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Take the leap and go on exchange!

Alexandra – Berlin School of Economics and Law, Germany

Semester 1, 2018
Bachelor of Mechanical Engineering / Bachelor of Business

Imagine thousands of people sitting by a river, beer in hand, basking in the sunlight, or throwing a Frisbee while techno music plays in the background. This is the definition of a Berlin summer.

Sadly, my exchange was for the fall semester, where snow and a Glühwein by a fire was more favourable. However, being kept indoors also meant more time to bond with the students who I shared my dormitory with. Students from all backgrounds and languages mingled daily, and there was certainly no shortage of partying.

The little things are what makes an exchange so memorable, such as ice skating at the Christmas markets together or using the car seats from an abandoned van in our living room. Some of the people I lived with have made their way into my heart as life-long friends, who I have already visited in their home countries. I attended HWR for one semester with the goal of deepening my knowledge of international management in an international setting.

The experiences and lessons I gained from the teachers who are sourced from all around the world were invaluable and helped to set me apart from the curve. HWR, like most of Germany, is very old-fashioned and traditional in their approach to learning and bureaucracy. No lectures are recorded and you are expected to build a relationship with your teacher. This approach at first seems a bit intrusive or unnecessary, but my teachers were able to connect with me on a personal and professional level. This approach encourages students to develop their own opinion and solutions to issues presented, as opposed to simply memorising content.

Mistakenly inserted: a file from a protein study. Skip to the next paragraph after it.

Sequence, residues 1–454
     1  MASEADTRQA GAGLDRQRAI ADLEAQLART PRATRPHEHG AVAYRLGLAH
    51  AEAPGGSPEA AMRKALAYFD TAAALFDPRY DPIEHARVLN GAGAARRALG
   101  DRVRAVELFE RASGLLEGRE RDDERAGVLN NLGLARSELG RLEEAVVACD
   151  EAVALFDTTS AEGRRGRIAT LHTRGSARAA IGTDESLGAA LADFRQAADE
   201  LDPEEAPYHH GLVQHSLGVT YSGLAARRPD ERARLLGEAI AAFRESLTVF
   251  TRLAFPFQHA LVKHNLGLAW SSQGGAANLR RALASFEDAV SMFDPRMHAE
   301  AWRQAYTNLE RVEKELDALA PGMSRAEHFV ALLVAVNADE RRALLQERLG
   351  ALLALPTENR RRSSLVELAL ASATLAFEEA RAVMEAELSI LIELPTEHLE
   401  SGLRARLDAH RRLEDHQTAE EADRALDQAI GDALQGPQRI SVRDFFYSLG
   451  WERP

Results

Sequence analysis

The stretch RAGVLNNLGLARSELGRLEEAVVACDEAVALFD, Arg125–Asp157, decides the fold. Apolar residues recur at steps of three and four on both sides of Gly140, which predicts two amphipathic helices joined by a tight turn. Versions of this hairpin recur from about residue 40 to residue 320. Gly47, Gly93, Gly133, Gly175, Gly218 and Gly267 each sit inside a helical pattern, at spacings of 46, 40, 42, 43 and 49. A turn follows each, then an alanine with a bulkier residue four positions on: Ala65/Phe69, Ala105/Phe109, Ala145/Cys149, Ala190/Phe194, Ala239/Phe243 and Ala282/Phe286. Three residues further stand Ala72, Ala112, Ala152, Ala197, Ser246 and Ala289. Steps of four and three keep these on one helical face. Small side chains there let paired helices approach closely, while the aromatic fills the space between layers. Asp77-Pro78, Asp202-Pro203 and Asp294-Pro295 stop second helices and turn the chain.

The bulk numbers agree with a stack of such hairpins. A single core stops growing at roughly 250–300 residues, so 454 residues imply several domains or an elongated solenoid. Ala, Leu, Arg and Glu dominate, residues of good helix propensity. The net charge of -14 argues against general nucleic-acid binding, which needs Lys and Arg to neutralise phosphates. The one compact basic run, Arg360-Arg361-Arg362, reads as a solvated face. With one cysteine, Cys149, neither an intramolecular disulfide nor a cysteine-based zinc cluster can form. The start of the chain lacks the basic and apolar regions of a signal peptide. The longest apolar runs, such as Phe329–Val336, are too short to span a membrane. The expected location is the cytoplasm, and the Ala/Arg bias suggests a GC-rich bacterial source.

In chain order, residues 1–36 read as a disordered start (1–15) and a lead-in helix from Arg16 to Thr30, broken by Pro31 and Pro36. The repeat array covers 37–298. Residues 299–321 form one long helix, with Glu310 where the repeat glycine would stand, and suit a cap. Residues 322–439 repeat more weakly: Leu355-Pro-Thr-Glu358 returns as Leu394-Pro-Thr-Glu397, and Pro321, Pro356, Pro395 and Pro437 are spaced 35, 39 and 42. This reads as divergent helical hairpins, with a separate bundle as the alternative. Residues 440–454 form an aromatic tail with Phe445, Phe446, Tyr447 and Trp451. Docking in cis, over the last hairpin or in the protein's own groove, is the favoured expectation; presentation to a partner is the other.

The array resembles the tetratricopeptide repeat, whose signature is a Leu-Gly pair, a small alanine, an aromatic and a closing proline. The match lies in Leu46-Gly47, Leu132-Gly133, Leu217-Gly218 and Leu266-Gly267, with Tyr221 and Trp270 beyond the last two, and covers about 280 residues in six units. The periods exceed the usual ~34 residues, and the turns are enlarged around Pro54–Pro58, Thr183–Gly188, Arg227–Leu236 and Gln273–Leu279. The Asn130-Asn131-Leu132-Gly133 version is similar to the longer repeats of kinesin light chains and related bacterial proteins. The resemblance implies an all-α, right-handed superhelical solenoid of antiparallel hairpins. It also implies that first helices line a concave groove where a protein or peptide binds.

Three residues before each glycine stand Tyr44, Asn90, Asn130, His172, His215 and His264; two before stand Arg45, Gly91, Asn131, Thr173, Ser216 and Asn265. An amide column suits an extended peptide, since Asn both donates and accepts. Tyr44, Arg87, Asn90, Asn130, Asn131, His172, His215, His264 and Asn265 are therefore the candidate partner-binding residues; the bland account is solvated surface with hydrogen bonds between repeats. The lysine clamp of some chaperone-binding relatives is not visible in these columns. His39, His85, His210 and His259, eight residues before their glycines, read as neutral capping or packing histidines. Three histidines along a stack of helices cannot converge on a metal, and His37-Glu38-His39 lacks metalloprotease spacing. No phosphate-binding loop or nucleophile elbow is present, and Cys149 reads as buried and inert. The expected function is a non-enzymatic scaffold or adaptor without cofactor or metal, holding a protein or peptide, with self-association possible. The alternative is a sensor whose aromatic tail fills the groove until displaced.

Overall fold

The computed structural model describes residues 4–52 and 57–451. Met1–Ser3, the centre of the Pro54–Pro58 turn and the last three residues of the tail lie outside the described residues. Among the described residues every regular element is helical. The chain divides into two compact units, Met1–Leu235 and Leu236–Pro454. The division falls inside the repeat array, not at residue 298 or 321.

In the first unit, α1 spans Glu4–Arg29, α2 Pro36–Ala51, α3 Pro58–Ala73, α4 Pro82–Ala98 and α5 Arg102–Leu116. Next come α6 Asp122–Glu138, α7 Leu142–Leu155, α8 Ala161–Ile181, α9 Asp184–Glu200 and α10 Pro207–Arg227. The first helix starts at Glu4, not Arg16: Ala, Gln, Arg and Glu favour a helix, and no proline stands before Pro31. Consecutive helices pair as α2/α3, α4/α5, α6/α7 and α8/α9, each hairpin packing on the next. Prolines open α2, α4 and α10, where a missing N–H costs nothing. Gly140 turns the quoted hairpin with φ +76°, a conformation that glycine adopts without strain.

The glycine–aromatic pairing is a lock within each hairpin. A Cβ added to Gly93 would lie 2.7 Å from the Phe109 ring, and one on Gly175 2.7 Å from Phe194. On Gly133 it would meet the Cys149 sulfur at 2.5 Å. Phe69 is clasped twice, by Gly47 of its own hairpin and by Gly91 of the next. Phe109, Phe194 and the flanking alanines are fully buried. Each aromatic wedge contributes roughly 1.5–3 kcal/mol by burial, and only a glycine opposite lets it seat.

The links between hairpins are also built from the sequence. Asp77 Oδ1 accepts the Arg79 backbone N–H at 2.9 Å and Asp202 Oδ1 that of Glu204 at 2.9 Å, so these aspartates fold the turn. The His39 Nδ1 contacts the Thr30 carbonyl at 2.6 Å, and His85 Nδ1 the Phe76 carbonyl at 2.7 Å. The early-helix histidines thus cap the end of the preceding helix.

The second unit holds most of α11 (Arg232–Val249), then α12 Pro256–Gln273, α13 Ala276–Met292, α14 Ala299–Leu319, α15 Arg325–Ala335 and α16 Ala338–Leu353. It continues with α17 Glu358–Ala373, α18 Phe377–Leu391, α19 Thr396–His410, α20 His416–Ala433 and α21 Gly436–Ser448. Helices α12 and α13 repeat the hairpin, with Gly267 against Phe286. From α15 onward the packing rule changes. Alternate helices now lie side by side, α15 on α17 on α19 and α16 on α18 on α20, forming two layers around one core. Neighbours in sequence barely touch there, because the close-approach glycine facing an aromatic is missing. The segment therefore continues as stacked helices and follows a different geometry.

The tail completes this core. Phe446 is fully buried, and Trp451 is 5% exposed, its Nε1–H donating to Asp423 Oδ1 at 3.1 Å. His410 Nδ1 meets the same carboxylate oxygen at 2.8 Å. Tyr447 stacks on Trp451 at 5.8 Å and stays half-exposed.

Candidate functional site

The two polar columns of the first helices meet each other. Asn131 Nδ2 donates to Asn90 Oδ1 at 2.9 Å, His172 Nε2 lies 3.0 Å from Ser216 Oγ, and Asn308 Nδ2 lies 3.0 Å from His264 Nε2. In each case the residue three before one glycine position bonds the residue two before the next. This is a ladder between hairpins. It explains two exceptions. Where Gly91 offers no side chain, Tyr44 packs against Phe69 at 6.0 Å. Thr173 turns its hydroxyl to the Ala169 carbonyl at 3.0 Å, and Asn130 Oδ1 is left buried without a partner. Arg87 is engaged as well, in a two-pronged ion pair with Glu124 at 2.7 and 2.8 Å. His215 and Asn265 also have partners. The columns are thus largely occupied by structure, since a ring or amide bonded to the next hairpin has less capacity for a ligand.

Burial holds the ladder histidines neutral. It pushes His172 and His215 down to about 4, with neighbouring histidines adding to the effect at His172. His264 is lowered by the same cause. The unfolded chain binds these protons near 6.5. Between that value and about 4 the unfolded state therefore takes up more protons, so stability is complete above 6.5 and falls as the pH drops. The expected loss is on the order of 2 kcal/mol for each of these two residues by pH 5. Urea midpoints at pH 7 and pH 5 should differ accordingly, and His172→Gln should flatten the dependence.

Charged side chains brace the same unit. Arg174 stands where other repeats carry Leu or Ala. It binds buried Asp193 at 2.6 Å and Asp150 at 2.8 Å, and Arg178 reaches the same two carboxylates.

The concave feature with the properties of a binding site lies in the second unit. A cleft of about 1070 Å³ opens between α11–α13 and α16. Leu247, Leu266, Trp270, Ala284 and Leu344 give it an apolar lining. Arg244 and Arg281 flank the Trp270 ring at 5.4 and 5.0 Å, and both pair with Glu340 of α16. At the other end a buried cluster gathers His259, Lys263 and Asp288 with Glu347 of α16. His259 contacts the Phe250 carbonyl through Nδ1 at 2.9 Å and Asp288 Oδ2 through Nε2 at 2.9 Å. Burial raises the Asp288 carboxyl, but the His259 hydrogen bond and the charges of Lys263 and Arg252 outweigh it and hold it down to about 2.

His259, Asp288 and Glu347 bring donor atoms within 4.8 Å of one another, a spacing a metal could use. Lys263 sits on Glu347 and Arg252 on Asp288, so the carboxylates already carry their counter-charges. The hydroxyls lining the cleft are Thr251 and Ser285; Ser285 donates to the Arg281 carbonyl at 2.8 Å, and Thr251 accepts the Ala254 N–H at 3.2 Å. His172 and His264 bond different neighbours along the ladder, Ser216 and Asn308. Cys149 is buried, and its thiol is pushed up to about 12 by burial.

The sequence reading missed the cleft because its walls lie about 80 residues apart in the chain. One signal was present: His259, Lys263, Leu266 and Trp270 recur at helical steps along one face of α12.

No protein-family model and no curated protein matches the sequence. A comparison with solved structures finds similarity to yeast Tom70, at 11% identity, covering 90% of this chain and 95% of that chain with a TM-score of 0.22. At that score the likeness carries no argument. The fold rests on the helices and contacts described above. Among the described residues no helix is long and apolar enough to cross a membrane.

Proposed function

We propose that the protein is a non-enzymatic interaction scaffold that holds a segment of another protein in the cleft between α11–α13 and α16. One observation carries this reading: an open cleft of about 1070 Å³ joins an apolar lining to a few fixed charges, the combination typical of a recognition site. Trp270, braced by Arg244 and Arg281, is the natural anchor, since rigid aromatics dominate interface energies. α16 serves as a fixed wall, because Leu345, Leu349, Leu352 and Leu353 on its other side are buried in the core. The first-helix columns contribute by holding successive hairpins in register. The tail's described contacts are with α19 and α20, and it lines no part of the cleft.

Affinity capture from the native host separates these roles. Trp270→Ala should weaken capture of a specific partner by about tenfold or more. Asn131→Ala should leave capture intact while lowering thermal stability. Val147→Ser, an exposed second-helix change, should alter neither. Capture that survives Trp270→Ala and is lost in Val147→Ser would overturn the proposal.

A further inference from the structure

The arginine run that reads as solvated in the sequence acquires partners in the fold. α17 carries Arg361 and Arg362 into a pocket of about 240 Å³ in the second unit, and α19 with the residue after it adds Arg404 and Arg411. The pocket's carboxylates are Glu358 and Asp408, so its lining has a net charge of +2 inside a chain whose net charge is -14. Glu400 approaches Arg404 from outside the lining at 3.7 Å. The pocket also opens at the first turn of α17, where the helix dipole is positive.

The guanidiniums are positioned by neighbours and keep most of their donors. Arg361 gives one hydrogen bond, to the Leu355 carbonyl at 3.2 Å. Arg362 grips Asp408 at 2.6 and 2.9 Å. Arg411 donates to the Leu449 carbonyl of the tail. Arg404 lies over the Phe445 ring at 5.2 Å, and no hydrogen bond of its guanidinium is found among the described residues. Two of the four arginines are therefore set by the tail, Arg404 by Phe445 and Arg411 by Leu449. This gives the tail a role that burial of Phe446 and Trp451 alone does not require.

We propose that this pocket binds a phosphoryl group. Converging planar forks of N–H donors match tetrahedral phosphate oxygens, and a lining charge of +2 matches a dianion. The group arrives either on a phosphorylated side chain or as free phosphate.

Culture shock

Culture shock in Germany was inevitable, but learning the language is the best step towards fitting in and finding your place. Before my exchange, I studied German in Brisbane at the “DerDieDas” school, which was excellent to ensure I was not wasting time on the basics when in Berlin. After my 6 months of exchange, I am currently at a B2 level and am undertaking an internship in Berlin now.

Advice fur future outbound students

Advice for your exchange I can offer is being prepared to feel lonely, homesick, or just displaced. Take the time out of your week to call home, be ready for the shopkeepers to be rude to you, and don’t be afraid to go out alone. One of the highlights of my experience was simply going to a local German-owned café and spending hours preparing for my German exam the next day. This small decision lead to me meeting my now-boyfriend, a Kiwi who lives in Berlin!

Just make the leap and go on exchange, but don’t stop there, make the leap and squeeze every last drop out of the experience.

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1 Comment

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    Hey Alexandra! Great blog post! Where are you doing your internship at? I’m looking at applying for the Berlin School of Economics and Law (BSEL) exchange program.

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